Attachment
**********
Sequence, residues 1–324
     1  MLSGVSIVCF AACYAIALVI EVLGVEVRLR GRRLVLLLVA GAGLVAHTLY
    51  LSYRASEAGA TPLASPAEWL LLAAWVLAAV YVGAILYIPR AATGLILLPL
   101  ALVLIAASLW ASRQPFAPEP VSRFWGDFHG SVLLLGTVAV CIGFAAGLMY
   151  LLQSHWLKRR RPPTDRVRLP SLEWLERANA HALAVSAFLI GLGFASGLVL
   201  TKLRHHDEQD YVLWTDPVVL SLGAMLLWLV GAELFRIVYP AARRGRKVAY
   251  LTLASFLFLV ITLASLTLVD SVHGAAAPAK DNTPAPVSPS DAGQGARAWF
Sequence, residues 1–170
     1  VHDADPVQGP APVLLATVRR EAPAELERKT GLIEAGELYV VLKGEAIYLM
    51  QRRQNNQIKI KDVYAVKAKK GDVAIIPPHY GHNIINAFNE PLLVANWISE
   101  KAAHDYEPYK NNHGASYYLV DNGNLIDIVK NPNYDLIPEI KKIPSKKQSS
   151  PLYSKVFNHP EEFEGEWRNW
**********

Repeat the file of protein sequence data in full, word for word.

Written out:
Sequence, residues 1–324
     1  MLSGVSIVCF AACYAIALVI EVLGVEVRLR GRRLVLLLVA GAGLVAHTLY
    51  LSYRASEAGA TPLASPAEWL LLAAWVLAAV YVGAILYIPR AATGLILLPL
   101  ALVLIAASLW ASRQPFAPEP VSRFWGDFHG SVLLLGTVAV CIGFAAGLMY
   151  LLQSHWLKRR RPPTDRVRLP SLEWLERANA HALAVSAFLI GLGFASGLVL
   201  TKLRHHDEQD YVLWTDPVVL SLGAMLLWLV GAELFRIVYP AARRGRKVAY
   251  LTLASFLFLV ITLASLTLVD SVHGAAAPAK DNTPAPVSPS DAGQGARAWF
Sequence, residues 1–170
     1  VHDADPVQGP APVLLATVRR EAPAELERKT GLIEAGELYV VLKGEAIYLM
    51  QRRQNNQIKI KDVYAVKAKK GDVAIIPPHY GHNIINAFNE PLLVANWISE
   101  KAAHDYEPYK NNHGASYYLV DNGNLIDIVK NPNYDLIPEI KKIPSKKQSS
   151  PLYSKVFNHP EEFEGEWRNW